It’s become routine. 

With both junior right-hander Tera Blanco and senior right-hander Megan Betsa finding their grooves on the mound, the pitching rotation — in which the two pitchers alternate games — has become something of a formality.

The last time either pitcher started two straight games in the same series came back in the ACC/Big Ten Challenge last month against North Carolina State and Notre Dame, when Blanco started each of the final two games of the four-game tournament. Betsa has thrown more innings, 91.1 to Blanco’s 80.2. But that disparity largely came in the early season, when Blanco was still adjusting to pitching regularly and often didn’t last as deep into games.

With a pitching schedule that rigid, it becomes noteworthy when Michigan coach Carol Hutchins decides to stray from the norm. 

Wednesday was such a day.

A day after starting against Bowling Green, Blanco, not Betsa, trotted out to the circle in the top of the first inning against Eastern Michigan. 

With back-to-back games against two Mid-American Conference foes and Betsa having some minor back tightness, Hutchins identified an opportunity to give Blanco more innings. Pitching Blanco in each game, she believed, would be mutually beneficial for Blanco, the team and Betsa.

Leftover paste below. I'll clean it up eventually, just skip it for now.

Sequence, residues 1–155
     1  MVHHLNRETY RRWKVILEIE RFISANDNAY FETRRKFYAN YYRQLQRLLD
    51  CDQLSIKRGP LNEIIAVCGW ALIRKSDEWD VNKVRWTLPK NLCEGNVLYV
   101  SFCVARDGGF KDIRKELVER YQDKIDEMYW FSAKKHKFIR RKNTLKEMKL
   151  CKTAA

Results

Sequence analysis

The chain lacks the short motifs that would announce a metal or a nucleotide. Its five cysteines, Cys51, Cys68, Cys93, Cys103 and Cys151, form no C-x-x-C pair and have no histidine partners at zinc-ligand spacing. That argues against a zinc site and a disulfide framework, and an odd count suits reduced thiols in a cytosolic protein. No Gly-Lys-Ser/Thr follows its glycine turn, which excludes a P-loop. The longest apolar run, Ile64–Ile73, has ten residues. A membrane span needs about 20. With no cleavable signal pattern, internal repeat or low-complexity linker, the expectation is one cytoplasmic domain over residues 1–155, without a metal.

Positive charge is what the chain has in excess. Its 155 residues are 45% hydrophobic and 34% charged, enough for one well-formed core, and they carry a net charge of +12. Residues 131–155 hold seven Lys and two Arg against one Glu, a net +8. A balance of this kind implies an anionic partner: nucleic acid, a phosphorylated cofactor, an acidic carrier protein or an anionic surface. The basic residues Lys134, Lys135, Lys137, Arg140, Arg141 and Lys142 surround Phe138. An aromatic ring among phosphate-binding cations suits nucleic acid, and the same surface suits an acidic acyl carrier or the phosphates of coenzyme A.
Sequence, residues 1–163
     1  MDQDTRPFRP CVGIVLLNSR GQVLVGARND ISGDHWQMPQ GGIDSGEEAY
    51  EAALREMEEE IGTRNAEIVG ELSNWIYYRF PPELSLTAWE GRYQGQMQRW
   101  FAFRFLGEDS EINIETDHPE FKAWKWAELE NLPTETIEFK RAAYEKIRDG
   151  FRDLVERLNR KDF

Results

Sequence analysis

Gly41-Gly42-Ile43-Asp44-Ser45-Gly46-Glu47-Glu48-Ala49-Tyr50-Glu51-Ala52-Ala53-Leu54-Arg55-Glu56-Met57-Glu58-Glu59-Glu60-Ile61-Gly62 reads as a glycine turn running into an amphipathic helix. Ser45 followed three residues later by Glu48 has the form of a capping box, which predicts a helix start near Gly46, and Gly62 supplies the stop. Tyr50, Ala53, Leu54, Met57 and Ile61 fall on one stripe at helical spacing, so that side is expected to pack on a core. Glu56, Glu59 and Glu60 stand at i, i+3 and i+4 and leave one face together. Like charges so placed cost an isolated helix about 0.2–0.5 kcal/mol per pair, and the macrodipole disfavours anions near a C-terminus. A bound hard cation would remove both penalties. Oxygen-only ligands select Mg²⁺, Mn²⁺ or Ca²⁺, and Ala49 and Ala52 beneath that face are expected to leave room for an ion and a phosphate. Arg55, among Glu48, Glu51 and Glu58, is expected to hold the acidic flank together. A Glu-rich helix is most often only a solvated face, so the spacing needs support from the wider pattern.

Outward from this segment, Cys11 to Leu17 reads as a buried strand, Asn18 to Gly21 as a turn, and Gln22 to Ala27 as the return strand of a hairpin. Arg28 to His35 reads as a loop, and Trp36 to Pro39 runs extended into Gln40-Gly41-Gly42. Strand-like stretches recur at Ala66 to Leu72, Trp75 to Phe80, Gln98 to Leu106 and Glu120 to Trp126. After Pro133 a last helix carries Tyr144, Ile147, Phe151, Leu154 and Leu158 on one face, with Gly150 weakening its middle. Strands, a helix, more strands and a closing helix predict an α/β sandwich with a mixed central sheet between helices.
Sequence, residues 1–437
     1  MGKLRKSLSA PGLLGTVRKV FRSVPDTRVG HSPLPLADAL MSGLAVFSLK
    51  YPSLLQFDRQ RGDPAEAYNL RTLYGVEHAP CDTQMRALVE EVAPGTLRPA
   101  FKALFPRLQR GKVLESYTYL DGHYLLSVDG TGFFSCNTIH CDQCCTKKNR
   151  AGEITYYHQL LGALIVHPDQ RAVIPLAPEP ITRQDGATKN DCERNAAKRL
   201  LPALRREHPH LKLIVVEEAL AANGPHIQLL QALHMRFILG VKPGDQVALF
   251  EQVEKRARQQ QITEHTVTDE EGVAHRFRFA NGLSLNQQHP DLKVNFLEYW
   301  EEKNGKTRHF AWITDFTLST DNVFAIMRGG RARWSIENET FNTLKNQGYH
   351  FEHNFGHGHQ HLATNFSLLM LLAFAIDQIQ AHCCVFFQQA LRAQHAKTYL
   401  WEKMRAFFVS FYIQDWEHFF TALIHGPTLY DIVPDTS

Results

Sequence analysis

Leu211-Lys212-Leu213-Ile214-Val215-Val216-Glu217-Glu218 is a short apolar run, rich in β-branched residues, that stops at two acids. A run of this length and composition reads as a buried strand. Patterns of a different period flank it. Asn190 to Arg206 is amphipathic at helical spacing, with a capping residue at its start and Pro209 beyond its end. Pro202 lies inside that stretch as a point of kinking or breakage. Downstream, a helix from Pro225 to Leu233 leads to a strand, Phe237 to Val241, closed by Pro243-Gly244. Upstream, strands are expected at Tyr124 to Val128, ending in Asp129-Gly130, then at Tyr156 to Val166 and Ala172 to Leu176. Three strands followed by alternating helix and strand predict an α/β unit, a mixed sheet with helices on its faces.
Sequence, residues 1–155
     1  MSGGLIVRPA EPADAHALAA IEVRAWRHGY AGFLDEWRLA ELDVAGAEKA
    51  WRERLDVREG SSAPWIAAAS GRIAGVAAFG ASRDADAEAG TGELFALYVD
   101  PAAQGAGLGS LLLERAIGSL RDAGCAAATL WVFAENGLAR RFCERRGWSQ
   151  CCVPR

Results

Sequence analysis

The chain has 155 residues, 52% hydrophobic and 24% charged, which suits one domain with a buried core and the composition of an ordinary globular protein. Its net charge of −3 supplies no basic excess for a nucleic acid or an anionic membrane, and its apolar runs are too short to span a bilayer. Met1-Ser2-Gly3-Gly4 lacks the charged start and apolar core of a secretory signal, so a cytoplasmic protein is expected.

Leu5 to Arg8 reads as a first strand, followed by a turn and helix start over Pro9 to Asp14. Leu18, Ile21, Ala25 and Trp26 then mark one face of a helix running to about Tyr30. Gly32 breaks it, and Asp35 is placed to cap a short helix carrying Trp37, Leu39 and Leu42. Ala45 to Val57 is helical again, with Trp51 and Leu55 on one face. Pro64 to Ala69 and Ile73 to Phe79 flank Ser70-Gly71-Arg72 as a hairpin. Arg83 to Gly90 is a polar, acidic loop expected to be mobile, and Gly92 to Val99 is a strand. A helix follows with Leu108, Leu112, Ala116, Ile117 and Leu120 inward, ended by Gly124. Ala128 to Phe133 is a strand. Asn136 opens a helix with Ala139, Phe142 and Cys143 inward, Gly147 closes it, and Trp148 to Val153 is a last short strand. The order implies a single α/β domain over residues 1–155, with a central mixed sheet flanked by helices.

“Megan’s back kind of acted up over the weekend a little bit. She was tight yesterday. Certainly, pitching in the cold is tough … we were a little concerned with that,” Hutchins said. “It’s good for Tera to have to carry the load. It’s good for Tera to have to pitch two days in a row.”

From Blanco’s standpoint, the decision makes logical sense. As she continues to become acquainted with her role as the second starter — a new role for her in 2017 — more innings and more reps become valuable commodities. 

Blanco has already proven more reliable of late, becoming a more efficient pitcher. Since Feb. 26, Blanco has posted a 2.03 earned-run average with a 7.14 strikeout-to-walk ratio in over 40 innings pitched, compared to a 2.73 ERA and 1.3 strikeout-to-walk ratio before. With the conference season beginning this weekend against Penn State, Blanco finding her form to complement Betsa has been a positive development for the Wolverines’ pitching staff.

Perhaps, though, the decision to start Blanco says more about how the team feels about Betsa going forward. Betsa has thrown over 200 innings each of the last two seasons and seems on pace to do the same in 2017. Since Betsa has dealt with lingering injuries in previous seasons, Hutchins has been open about needing to keep her healthy throughout the length of the season. While back stiffness tends to be relatively minor, Hutchins deemed it not worthy of risking, given the environment and opponent.

Saving four innings in a March game may sound trivial in the grand scheme of the season.

What may seem trivial now, though, could loom large if it ensures a healthy Megan Betsa in May.

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